There is a downside to all this. If you live by trying to externalize your ideals, you risk creating a false perception of the world, especially if you ignore the need for reality checks. However, if you take the world “as it is,” then you might end up reinforcing hierarchies if the desire to fight is absent. What I think is especially important in the former’s case, and why I think the notion can seem so foreign to certain people is that it carries a kind of utopian desire. Rather than simply imposing one’s will upon the world and forcing it to obey, it’s a mark of a hope for a better world. Instead of the world telling you how you are, you tell the world how you are. Even if people “shouldn’t” have been outraged at Donald Trump’s words, they want the world to be one where implied sexual assault is admonished. Only by understanding this perspective can discussion really begin.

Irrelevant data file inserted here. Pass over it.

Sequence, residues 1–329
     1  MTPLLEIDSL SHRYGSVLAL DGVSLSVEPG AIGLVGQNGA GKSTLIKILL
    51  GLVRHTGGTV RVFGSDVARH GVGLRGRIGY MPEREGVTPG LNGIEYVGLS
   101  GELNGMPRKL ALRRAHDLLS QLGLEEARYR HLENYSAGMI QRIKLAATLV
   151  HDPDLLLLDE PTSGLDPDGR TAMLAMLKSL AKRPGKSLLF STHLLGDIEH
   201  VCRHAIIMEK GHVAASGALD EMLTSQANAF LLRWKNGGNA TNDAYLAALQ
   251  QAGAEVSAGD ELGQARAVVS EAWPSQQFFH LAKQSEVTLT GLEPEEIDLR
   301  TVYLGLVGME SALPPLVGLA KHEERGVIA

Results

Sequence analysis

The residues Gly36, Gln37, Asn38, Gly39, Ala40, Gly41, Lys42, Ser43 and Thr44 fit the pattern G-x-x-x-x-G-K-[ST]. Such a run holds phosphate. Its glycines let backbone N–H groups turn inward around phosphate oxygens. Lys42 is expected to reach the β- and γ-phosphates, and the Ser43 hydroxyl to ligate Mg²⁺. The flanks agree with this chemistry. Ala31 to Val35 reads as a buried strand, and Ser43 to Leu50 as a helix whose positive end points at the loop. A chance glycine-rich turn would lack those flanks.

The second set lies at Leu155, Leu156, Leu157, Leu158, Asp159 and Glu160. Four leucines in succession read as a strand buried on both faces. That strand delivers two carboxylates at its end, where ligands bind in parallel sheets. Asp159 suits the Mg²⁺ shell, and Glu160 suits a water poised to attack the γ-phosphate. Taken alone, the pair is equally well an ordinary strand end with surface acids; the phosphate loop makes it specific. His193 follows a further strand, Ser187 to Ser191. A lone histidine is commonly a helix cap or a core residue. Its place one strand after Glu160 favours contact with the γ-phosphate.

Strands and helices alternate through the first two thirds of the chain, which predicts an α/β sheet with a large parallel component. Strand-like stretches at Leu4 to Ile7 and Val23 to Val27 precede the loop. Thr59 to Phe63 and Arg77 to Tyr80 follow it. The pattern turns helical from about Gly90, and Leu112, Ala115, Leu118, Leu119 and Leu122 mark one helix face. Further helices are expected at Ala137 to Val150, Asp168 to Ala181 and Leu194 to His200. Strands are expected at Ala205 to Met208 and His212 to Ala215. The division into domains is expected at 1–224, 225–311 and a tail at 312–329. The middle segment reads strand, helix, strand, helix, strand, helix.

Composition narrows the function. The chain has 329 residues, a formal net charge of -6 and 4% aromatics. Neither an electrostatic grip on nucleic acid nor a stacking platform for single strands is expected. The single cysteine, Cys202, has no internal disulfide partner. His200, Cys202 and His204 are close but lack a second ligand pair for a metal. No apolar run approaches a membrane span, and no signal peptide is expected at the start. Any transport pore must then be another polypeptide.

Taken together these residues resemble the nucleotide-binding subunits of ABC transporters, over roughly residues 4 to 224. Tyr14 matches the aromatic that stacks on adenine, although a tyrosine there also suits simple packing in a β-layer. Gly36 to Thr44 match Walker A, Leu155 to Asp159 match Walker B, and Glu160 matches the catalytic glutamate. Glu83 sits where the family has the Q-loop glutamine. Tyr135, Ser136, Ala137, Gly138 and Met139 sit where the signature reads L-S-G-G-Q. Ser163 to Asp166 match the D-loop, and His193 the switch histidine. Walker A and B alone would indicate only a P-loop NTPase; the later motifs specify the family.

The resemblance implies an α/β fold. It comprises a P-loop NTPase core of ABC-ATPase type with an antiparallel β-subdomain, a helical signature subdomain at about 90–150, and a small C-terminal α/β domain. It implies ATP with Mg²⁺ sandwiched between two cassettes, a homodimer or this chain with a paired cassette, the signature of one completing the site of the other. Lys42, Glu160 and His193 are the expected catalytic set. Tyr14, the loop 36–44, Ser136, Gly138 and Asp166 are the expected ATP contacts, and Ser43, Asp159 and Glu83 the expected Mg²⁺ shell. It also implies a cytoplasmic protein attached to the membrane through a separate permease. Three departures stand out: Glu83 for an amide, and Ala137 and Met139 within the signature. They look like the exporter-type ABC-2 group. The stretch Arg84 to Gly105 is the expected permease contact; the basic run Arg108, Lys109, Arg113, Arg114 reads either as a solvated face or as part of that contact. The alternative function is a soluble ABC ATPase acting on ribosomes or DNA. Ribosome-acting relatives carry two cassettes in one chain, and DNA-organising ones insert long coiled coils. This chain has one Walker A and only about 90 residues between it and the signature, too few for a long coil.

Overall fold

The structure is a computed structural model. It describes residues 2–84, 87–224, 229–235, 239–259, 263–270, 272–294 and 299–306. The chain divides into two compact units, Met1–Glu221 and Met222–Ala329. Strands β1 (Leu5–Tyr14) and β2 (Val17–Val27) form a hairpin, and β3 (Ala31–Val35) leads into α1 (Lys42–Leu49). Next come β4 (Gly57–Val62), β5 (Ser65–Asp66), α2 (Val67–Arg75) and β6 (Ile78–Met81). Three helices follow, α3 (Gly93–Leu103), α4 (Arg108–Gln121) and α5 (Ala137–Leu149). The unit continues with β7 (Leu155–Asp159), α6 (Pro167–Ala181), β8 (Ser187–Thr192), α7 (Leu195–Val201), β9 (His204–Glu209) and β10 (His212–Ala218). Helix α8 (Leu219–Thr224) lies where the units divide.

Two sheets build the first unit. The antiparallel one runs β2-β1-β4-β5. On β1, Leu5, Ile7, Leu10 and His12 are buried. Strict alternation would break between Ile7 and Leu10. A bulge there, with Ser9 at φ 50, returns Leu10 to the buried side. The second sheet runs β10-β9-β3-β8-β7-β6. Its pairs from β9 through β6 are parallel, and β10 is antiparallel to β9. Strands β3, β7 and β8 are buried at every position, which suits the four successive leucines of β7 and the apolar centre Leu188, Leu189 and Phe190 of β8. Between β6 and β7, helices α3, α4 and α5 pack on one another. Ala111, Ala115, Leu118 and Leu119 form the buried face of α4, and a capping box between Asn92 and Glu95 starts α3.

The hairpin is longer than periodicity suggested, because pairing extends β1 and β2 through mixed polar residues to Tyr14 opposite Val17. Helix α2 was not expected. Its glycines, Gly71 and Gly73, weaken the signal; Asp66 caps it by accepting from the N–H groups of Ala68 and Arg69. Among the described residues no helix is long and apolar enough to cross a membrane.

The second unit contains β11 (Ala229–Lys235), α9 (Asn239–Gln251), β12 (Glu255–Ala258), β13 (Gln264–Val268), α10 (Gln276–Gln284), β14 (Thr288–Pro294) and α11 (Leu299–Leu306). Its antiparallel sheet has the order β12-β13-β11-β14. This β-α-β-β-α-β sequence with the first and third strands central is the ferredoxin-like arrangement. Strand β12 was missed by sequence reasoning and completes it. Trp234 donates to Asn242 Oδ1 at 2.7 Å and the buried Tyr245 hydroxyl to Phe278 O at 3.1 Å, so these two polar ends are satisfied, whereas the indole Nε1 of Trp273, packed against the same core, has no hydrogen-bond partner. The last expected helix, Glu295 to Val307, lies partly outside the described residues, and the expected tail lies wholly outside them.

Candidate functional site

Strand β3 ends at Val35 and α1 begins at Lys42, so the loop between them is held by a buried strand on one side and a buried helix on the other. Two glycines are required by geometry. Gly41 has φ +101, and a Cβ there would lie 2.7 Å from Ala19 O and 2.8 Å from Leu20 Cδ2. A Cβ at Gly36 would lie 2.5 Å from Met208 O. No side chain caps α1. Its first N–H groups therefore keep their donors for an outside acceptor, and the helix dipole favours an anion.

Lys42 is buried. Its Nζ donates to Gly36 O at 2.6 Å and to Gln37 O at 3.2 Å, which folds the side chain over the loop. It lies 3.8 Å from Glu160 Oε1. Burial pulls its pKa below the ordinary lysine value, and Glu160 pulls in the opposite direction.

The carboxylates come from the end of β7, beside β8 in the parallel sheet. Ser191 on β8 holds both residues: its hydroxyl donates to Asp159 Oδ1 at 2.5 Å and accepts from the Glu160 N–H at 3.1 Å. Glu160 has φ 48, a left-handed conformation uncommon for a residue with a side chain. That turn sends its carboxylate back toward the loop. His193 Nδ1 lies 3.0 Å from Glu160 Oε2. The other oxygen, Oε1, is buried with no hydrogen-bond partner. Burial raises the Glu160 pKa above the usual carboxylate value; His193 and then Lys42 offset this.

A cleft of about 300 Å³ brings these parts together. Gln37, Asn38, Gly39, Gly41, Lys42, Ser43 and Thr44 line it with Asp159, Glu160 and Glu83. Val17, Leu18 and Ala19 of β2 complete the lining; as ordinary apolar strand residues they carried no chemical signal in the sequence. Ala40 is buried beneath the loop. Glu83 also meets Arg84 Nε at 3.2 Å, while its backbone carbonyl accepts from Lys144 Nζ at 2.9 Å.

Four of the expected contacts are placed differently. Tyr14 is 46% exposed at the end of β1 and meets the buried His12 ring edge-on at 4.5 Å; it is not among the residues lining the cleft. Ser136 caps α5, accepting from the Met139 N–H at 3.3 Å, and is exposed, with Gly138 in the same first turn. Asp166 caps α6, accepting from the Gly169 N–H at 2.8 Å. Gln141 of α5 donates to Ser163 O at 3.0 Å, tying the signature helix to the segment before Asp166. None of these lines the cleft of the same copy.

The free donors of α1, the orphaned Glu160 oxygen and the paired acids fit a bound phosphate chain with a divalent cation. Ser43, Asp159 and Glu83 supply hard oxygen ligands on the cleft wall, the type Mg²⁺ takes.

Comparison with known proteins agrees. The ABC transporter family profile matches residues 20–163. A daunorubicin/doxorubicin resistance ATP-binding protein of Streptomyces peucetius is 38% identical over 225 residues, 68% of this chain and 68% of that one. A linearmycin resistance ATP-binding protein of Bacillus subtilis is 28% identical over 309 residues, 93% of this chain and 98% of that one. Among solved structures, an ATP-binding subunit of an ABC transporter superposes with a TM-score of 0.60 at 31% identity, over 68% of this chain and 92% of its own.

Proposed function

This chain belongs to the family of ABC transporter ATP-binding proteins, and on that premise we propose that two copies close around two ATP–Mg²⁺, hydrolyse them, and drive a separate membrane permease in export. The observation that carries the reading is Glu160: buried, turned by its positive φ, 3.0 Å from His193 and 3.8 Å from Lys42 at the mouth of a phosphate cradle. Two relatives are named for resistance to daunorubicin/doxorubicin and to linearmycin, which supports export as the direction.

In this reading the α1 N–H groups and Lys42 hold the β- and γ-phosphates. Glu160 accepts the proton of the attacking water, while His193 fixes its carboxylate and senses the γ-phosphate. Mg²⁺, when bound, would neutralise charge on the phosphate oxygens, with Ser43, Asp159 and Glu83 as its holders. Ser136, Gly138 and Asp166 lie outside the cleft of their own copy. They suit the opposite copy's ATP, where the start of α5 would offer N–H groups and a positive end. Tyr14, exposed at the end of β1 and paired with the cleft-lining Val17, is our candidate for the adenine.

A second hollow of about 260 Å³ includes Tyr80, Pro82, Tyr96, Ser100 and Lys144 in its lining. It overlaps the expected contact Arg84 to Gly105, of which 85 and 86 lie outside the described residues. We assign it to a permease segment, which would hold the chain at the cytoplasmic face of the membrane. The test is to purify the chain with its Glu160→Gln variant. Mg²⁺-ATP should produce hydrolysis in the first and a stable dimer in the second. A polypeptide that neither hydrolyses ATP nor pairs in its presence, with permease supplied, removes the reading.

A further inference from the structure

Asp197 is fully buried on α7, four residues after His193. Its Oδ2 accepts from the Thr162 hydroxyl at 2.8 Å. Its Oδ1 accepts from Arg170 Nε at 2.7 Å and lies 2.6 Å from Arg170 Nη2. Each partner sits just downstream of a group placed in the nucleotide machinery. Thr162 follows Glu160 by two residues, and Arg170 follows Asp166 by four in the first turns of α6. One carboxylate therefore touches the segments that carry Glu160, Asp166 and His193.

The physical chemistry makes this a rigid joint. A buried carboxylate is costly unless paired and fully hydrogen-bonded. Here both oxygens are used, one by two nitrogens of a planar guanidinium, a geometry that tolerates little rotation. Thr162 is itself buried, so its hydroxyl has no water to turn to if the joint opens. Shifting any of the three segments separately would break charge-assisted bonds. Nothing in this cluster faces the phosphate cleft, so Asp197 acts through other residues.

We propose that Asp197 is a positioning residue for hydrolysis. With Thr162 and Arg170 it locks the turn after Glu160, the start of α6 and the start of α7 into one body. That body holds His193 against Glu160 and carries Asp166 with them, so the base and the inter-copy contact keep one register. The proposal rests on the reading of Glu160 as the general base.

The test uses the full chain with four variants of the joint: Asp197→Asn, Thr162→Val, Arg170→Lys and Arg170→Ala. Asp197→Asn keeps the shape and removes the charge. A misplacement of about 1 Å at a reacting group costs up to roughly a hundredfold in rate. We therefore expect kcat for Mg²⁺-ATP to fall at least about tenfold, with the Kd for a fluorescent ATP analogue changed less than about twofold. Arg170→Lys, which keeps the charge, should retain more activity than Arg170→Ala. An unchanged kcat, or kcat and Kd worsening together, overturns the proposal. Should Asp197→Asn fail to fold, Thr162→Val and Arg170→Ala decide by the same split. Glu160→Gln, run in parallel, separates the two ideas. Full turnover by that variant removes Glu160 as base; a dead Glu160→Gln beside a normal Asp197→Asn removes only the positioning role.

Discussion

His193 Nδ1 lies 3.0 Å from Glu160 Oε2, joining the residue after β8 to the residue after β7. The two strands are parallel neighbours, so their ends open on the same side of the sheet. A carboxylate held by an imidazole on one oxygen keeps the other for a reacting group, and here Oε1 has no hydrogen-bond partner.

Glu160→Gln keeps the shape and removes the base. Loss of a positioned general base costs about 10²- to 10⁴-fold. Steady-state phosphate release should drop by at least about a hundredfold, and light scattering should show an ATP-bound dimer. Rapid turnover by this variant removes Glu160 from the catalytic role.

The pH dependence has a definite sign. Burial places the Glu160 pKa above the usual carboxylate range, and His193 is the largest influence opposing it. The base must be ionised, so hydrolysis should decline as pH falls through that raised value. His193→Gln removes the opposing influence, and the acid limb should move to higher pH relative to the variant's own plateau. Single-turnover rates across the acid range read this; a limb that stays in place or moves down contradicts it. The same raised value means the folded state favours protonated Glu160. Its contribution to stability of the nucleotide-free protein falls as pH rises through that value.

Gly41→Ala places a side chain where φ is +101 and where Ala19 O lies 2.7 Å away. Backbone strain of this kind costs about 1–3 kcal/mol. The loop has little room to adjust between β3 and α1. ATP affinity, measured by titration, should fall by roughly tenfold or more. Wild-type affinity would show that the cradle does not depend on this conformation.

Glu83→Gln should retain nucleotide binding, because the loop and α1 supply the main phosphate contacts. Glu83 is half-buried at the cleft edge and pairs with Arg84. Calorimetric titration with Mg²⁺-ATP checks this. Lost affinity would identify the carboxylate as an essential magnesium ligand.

I am not someone who believes “overreaction” does not exist, or that it is a wholly unfair criticism towards liberals. It is all too easy for even well-meaning people to have knee-jerk reactions, not understand the context of a situation, and then ride their anger without looking back. Nevertheless, I do think that this desire for an ideal world is not simply a pipe dream or a refusal to acknowledge reality. The better way to look at it is as a wish for the world to be a better place starting with one’s own mind and body.

Ichigo x Rukia: The Victim of Soap Opera Tactics?

Warning: Bleach Ending Spoilers

I’ll be upfront: I shipped Ichigo x Rukia.